Throwback Thursday- The Manor in Autumn

    The Ford Times was a publication produced between 1943 and 1993 by the Ford Motor Company of Dearborn, Michigan.  An entertaining potpourri of travel articles, automotive tips, and gadget news (plus recipes from America’s great inns on the road), the Ford Times was also noteworthy for its illustrations.  Artwork commissioned by art director Arthur Lougee appeared alongside the 5 or 6 feature articles contained in every issue.

A lead story about Montauk, N.Y., in the July issue of 1958, was enhanced by illustrations painted by Frank Zimmer, who also wrote the copy.  Zimmer’s watercolors are sassy and dynamic, capturing with great verve the very essence of wind and water that are synonymous with The End.   The familiar Montauk hotspots are depicted by Zimmer’s brush:  the Lighthouse, the Tower building perched against hills with Second House Road in the distance.  The artist’s use of color is inspired; the Montauk Manor in autumn is particularly beautiful with its hues of tan, pink, and gold.

Zimmer was in town during 1958, when the Tower, “a lonely skyscraper,” was vacant.  He considered the Manor and other Carl Fisher buildings “relics from the past.” However, he could see that Montauk was experiencing a renaissance.   Even though Montauk didn’t develop into Carl Fisher’s vision as a resort for the well-heeled traveler, the place was developing on a scale that would make it accessible to “a lot of average people” he wrote on page 25.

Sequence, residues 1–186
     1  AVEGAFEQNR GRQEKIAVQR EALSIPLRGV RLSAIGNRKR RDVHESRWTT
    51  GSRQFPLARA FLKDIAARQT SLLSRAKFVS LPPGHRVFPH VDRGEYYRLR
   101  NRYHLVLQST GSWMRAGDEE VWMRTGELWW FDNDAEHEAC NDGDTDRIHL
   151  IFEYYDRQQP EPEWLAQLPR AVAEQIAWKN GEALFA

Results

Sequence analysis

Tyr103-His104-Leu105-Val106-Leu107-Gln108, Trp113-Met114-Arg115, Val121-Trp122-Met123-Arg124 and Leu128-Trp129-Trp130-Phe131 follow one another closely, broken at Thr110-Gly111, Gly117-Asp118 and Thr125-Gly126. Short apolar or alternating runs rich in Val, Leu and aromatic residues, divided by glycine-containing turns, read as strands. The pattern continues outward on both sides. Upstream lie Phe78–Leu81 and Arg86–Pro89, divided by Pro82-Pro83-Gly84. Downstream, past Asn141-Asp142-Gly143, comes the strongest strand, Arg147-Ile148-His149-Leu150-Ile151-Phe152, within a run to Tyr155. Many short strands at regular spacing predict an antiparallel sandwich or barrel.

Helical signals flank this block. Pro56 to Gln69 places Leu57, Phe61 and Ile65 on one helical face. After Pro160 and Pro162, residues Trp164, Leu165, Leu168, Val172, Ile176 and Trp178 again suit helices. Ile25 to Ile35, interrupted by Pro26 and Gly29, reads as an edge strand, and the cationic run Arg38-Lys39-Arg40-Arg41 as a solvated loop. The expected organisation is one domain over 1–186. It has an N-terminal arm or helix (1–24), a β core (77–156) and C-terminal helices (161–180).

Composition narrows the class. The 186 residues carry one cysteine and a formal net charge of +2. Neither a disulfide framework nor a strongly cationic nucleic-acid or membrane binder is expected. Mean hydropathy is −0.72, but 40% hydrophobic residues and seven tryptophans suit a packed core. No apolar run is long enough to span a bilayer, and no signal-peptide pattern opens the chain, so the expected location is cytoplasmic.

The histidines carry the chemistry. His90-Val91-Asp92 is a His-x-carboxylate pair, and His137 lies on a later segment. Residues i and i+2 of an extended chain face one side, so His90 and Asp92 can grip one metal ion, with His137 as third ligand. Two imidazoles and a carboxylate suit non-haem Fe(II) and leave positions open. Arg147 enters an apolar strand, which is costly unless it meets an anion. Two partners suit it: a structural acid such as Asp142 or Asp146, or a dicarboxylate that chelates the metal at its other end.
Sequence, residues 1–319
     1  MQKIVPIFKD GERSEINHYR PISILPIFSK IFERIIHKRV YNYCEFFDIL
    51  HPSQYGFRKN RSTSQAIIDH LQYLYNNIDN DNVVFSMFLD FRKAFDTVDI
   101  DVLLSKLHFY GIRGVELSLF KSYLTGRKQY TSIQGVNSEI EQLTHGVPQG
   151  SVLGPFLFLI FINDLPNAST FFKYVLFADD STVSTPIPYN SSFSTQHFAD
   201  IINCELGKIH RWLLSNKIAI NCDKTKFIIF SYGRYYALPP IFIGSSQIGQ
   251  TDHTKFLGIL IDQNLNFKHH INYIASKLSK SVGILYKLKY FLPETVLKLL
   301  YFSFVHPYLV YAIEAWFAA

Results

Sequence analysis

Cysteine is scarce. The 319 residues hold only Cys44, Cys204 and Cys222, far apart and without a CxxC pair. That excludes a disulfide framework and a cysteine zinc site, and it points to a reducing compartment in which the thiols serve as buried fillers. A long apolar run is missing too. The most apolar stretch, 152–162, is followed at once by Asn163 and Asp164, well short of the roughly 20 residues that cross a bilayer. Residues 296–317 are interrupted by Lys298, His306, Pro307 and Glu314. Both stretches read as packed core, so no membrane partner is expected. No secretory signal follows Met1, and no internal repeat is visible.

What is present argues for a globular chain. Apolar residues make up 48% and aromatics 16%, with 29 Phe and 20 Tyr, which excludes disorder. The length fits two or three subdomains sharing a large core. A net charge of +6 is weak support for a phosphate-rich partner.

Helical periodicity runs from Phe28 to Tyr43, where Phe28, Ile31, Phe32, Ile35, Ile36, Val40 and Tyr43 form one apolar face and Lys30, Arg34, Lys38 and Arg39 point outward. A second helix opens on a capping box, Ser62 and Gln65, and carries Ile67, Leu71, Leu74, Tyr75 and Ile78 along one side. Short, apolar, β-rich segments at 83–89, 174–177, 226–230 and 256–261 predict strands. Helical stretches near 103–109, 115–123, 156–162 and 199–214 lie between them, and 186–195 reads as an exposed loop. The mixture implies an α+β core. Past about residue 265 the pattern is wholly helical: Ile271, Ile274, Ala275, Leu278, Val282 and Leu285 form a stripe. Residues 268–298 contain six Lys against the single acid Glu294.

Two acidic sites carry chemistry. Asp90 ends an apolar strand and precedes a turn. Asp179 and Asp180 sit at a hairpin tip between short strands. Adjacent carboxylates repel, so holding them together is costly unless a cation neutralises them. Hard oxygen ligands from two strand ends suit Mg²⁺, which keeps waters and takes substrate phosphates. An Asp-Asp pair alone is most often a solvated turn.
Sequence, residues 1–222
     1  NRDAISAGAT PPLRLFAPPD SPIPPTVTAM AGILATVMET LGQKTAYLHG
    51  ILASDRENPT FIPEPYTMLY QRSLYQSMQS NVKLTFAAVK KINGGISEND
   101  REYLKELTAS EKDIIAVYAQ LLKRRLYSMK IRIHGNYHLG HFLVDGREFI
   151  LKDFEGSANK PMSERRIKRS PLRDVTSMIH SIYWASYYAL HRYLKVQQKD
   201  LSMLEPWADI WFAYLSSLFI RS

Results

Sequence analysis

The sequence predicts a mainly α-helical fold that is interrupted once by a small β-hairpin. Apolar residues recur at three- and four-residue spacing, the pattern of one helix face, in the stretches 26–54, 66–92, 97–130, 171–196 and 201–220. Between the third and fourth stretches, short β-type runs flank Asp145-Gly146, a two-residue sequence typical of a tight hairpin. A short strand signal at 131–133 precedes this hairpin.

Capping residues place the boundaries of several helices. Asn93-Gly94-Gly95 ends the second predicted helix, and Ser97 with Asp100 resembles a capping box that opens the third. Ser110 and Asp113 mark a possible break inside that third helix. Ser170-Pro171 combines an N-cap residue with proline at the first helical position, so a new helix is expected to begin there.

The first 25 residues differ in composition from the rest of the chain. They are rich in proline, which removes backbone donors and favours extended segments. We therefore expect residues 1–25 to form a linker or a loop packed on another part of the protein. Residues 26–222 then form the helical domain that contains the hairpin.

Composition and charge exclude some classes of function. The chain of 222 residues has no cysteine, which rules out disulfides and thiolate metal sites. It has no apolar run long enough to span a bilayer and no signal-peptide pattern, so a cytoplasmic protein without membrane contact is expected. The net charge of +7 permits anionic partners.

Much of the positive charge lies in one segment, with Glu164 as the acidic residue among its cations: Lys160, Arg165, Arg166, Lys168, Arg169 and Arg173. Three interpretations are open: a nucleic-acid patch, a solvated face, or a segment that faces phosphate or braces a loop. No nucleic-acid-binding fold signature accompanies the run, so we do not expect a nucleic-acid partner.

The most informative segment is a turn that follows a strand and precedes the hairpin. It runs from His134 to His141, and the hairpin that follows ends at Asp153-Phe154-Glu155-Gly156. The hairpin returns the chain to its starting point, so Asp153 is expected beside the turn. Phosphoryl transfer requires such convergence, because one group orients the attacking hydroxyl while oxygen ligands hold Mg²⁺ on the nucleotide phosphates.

Zimmer recognized “a new spirit in Montauk.  There are modest houses going up on hills near the fishing and the breeze.  Surf clubs, motels, restaurants, and shops have sprung up to take care of the summer crowds, especially the weekend tide of fishermen.  The new Montauk is a long way from the fancy Fisher plan but it has become a fishing capital just as Fisher hoped it would.”

Reply or Comment

Your email address will not be published. Required fields are marked *

This site uses Akismet to reduce spam. Learn how your comment data is processed.